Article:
Letter to Luther (January 21, 1545)
John Calvin (1509-1564)
Calvin submits to Luther several of his writings, of which he desires to obtain his approbation.
To the very excellent pastor of the Christian Church, Dr. M. Luther, my much respected father,
WhenA peculiar interest attaches to this letter, the only one which the French Reformer had written to the German Reformer. Inspired by the deep conviction of the unity of the Reformed churches, written with as much moderation as respect, the message of conciliation was not even listened to. Soured by the quarrel about the sacraments, in which he took too great a share during the latter years of his life, Luther evinced daily more and more irritation against the theologians of Switzerland, and Melanchthon did not even venture to present the letter of Calvin, to whom he wrote in sadness: “I have not shewn your letter to Dr. Martin, for he takes up many things suspiciously, and does not like his replies to questions of the kind you have proposed to him, to be carried round and handed from one to another. . . . . . At present I am looking forward to exile and other sorrows. Farewell. On the day upon which, 3846 years ago, Noah entered into the ark, by which God gave testimony of his purpose never to forsake his Church even when she quivers under the shock of the great sea billows.”—Melanchthon to Calvin, MSS. of Geneva, vol. 106. I saw that my French fellow-countrymen, as many of them as had been brought out from the darkness of the Papacy to soundness of the faith, had altered nothing as to their public profession, and that they continued to defile themselves with the sacrilegious worship of the Papists, as if they had never tasted the savour of true doctrine, I was altogether unable to restrain myself from reproving so great sloth and negligence, in the way that I thought it deserved. How, indeed, can this faith, which lies buried in the heart within, do otherwise than break forth in the confession of faith? What kind of religion can that be, which lies submerged under seeming idolatry? I do not undertake, however, to handle the argument here, because I have done so at large already in two little tractates, wherein, if it shall not be troublesome to you to glance over them, you will more clearly perceive both what I think, and the reasons which have compelled me to form that opinion. By the reading of them, indeed, some of our people, while hitherto they were fast asleep in a false security, having been awakened, have begun to consider what they ought to do. But because it is difficult either casting aside all consideration of self, to expose their lives to danger, or having roused the displeasure of mankind, to encounter the hatred of the world, or having abandoned their prospects at home in their native land, to enter upon a life of voluntary exile, they are withheld or kept back by these difficulties from coming to a settled determination. They put forth other reasons, however, and those somewhat specious, whereby one may perceive that they only seek to find some sort of pretext or other. In these circumstances, because they hang somehow in suspense, they are desirous to hear your opinion, which as they do deservedly hold in reverence, so it shall serve greatly to confirm them. They have therefore requested me, that I would undertake to send a trusty messenger to you, who might report your answer to us upon this question. And because I thought it was of very great consequence for them to have the benefit of your authority, that they might not fluctuate thus continually, and I myself stood besides in need of it, I was unwilling to refuse what they required. Now, therefore, much respected father in the Lord, I beseech you by Christ, that you will not grudge to take the trouble for their sake and mine, first, that you would peruse the epistle written in their name, and my little books, cursorily and at leisure hours, or that you would request some one to take the trouble of reading, and report the substance of them to you. Lastly, that you would write back your opinion in a few words. Indeed, I am unwilling to give you this trouble in the midst of so many weighty and various employments; but such is your sense of justice, that you cannot suppose me to have done this unless compelled by the necessity of the case; I therefore trust that you will pardon me. Would that I could fly to you, that I might even for a few hours enjoy the happiness of your society; for I would prefer, and it would be far better, not only upon this question, but also about others, to converse personally with yourself; but seeing that it is not granted to us on earth, I hope that shortly it will come to pass in the kingdom of God. Adieu, most renowned sir, most distinguished minister of Christ, and my ever-honoured father. The Lord himself rule and direct you by his own Spirit, that you may persevere even unto the end, for the common benefit and good of his own Church.—Yours, John Calvin.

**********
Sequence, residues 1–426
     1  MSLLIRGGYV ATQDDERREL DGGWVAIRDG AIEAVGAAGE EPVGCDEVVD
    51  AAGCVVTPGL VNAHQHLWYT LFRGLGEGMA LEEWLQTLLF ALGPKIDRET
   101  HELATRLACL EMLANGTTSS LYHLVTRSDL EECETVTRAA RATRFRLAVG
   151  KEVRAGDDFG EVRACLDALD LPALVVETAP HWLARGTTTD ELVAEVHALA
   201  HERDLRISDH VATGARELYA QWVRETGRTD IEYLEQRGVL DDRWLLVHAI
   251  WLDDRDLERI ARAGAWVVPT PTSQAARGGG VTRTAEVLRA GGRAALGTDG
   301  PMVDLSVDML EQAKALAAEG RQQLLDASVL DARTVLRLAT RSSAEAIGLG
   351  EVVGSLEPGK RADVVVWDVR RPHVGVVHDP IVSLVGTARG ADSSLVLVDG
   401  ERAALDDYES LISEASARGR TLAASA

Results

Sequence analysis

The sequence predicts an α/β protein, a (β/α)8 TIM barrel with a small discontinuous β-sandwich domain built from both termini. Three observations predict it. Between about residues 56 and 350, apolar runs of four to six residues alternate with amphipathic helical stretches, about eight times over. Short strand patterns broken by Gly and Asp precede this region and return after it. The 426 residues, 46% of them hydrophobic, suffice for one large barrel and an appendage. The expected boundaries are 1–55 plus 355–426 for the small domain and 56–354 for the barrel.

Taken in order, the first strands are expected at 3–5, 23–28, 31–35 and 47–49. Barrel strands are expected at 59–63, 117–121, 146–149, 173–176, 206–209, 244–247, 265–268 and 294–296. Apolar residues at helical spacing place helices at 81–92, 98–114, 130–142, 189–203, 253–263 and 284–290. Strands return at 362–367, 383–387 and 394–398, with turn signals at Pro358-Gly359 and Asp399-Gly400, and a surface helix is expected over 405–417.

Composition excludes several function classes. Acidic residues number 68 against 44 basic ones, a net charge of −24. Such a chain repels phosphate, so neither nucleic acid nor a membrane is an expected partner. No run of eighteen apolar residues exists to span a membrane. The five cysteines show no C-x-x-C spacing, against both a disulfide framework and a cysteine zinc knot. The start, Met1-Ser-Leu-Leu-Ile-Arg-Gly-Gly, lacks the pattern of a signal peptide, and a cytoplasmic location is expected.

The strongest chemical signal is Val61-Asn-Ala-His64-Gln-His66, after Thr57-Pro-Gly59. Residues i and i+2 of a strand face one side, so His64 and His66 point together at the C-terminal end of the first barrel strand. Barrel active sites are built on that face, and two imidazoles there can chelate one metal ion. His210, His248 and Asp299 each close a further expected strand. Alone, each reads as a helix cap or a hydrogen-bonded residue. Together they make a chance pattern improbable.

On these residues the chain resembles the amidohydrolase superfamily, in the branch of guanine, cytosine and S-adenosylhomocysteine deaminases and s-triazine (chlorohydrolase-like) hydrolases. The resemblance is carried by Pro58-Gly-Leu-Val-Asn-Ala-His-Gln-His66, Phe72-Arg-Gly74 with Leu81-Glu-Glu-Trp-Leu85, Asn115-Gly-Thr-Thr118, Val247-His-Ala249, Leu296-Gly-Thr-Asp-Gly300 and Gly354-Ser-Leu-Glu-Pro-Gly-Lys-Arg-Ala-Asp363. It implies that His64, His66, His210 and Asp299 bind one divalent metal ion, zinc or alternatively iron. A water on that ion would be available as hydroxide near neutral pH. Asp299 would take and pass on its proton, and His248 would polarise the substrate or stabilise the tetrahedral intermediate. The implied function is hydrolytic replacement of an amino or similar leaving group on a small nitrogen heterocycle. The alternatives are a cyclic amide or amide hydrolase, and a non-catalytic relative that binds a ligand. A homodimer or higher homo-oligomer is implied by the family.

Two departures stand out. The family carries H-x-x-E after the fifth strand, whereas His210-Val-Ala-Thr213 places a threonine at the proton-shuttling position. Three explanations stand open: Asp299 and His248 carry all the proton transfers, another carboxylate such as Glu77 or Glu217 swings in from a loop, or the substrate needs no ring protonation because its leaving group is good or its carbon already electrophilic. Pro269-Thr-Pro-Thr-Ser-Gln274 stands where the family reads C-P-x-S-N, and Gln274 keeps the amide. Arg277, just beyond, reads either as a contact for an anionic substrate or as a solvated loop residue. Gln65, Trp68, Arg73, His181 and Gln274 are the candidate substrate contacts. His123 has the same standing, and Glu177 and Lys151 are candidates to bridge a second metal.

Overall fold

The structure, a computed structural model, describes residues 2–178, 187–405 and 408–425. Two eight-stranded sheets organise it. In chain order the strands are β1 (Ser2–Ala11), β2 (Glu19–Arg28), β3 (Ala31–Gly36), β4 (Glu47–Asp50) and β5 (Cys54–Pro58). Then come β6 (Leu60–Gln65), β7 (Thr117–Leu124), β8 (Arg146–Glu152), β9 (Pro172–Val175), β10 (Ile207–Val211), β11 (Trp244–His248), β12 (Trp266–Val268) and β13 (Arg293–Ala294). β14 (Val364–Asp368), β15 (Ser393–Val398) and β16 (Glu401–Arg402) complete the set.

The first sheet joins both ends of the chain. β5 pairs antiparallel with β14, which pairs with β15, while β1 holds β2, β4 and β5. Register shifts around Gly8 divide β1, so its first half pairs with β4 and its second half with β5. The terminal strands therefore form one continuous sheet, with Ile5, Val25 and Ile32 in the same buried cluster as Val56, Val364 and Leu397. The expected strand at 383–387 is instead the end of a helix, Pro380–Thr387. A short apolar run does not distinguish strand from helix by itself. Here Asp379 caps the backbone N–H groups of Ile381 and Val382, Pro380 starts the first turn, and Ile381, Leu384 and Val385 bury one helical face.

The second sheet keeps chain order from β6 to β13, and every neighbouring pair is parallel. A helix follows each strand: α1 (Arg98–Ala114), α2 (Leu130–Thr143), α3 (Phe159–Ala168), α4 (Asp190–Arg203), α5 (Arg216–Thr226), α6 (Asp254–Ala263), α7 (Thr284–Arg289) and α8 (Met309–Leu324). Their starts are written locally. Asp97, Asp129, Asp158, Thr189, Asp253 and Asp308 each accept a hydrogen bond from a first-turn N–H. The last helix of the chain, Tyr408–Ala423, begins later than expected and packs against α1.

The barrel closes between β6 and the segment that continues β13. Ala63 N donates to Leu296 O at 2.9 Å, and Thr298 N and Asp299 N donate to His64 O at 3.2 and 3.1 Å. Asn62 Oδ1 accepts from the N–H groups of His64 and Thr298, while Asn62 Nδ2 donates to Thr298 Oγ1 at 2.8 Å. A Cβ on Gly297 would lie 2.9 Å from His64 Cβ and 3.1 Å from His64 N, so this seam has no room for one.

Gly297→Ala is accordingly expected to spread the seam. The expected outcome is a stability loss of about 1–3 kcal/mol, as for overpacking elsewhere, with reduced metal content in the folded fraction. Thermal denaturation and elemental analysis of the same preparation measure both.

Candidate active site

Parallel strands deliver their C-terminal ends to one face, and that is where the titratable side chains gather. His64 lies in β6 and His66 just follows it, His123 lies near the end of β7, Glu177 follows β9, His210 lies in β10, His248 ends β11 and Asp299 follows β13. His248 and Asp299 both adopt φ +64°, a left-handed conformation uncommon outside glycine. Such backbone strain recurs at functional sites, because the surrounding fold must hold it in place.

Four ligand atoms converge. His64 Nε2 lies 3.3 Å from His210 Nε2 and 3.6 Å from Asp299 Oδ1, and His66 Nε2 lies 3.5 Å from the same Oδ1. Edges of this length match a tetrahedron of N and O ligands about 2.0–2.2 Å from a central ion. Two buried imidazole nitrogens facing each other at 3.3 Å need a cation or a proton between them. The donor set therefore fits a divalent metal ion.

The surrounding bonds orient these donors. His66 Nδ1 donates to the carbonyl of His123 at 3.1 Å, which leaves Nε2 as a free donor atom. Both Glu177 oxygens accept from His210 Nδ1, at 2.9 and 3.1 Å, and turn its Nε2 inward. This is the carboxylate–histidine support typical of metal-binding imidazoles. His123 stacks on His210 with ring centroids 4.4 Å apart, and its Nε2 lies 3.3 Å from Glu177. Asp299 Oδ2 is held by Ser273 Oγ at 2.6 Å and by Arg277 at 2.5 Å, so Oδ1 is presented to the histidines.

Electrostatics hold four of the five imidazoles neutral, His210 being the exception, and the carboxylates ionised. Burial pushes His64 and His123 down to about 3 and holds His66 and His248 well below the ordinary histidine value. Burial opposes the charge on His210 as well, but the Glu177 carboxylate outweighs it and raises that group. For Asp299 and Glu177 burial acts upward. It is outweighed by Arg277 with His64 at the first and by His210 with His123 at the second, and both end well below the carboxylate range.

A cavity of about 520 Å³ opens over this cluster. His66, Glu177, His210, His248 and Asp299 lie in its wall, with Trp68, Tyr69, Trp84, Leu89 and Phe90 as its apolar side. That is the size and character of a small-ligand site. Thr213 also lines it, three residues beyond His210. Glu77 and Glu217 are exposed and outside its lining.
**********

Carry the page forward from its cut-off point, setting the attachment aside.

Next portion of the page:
Lat. orig. autogr.—Library of Geneva, vol. 196. Taken from the Selected Works of John Calvin: Tracts and Letters, vol. 4, pp. 440-442.